I also hadn’t thought about times when you have no intention of getting the PR merged into the project, but instead provided it as a type of record, saying “hey, I did this with it. Maybe it was good, or maybe it was bad. But either way, it’s more information to consider.”

      My main point was that if you want a PR to be merged, and if you want to learn from the project maintainers, it usually takes more than pull-and-run.

      I’m very unfamiliar with writing bots like you’re describing. Would you suggest any tutorials on that topic? Although I am personally not a fan of interacting with bots instead of people. But I can see how it may as well be a bot if the human would say the same thing…

      > OSS is much richer than people are making it. Some are de-valuing software to make it work for them individually by enforcing it fits their personal bubble…

      I don’t totally follow what you’re saying there. Are you saying project maintainers decrease a project’s value by requiring it fit their vision and their use-cases?

      > Right now the response is to treat everything as SPAM, unwanted, not good enough. That’s more of a problem than ignoring.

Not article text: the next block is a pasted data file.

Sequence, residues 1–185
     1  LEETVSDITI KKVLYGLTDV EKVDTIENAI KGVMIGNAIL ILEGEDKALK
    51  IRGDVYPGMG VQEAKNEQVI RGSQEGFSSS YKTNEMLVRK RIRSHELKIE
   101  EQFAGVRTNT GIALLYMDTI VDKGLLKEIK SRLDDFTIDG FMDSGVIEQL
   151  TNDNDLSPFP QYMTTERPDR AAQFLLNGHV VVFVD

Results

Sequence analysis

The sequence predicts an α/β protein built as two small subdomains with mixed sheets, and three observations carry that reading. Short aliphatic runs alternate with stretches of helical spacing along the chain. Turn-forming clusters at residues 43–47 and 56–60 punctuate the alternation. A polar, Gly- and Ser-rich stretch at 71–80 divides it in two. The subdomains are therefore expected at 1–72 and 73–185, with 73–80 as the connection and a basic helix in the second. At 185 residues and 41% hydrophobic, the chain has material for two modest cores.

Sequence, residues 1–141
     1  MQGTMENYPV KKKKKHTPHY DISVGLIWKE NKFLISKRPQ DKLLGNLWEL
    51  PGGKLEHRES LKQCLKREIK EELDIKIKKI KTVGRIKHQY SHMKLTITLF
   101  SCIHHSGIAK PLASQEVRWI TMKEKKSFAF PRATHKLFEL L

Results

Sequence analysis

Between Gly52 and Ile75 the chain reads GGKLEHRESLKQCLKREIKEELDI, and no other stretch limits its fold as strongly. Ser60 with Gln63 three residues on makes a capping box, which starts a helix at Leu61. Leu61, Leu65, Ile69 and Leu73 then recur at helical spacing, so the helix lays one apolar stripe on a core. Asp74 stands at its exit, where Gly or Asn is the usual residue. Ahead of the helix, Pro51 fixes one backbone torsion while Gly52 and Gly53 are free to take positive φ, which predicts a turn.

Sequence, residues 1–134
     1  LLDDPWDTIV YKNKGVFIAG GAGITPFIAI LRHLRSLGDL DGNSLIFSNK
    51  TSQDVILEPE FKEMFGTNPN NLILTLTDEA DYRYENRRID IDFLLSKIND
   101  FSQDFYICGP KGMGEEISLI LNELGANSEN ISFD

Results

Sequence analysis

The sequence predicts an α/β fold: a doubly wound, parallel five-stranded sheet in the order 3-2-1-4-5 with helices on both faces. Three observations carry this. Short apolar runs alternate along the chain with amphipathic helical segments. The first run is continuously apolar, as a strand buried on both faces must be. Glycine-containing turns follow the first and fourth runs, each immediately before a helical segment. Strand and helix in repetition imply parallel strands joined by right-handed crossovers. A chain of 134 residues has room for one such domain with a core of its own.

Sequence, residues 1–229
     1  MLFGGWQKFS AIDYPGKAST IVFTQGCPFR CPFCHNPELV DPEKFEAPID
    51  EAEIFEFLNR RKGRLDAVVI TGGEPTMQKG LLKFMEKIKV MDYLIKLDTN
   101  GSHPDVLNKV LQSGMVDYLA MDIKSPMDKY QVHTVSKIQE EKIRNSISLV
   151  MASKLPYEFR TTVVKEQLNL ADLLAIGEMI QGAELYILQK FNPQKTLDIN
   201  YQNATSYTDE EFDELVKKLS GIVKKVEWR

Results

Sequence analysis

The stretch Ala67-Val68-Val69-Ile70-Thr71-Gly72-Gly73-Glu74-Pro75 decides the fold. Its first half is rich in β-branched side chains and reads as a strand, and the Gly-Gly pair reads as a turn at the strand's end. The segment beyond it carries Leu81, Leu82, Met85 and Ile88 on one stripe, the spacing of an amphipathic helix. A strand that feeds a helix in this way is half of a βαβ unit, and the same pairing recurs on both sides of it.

That’s a good point too. So it sounds like your suggestion is project maintainers should write a bot to handle the easy, repetitive interactions, so that they have more time to more seriously consider more involved contributions. Is that right?

      Liked by 1 person

  2. cmljnelson

    Here is the blog post with the same content: https://cmljnelson.wordpress.com/2017/10/04/five-unspoken-rules-of-contributing-to-open-source-software/

    And here is the original video I played during the presentation: https://www.youtube.com/watch?v=6cMjq0PbXR8&feature=youtu.be

    Liked by 1 person

Continue the discussion

Fill in your details below or click an icon to log in:

WordPress.com Logo

You are commenting using your WordPress.com account. Log Out /  Change )

Google+ photo

You are commenting using your Google+ account. Log Out /  Change )

Twitter picture

You are commenting using your Twitter account. Log Out /  Change )

Facebook photo

You are commenting using your Facebook account. Log Out /  Change )

w

Connecting to %s

Published

November 28, 2017

Contributing to open source software can be frustrating for developers accustomed to working in isolation. That’s because you’re no longer just dealing with software, but with people who have their own biases, emotions, and agendas.

Some difficulties new contributors encounter include: not knowing when to contribute vs write companion software; not communicating meta information; disregard for etiquette; impatience regarding discussion; and ignorance of what makes contributions hard to accept for project maintainers.

This presentation will help illuminate some of the unspoken rules of contributing to open source software that will help you be a better contributor.

Presentation Slides »

Rate this:

Event

WordCamp Seattle 2017 33

Speakers

Michael Nelson 1

Tags

Contributing 99

Language

English 6309

Download
MP4: Low, Med, High
OGG: Low
Subtitles
Subtitle this video →
%d bloggers like this: